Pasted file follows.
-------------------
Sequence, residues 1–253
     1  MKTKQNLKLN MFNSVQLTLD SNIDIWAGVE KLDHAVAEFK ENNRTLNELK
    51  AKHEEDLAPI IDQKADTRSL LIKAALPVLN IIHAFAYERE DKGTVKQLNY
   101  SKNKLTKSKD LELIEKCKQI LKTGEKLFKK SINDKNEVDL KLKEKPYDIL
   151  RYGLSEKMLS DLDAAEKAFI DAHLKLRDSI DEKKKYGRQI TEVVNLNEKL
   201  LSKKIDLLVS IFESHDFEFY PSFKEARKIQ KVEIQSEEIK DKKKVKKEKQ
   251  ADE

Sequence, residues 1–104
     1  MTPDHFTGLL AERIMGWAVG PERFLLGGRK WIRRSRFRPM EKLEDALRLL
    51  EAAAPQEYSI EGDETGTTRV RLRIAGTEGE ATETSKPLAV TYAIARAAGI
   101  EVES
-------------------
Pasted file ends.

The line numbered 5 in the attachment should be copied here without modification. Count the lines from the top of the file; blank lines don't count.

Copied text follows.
   151  RYGLSEKMLS DLDAAEKAFI DAHLKLRDSI DEKKKYGRQI TEVVNLNEKL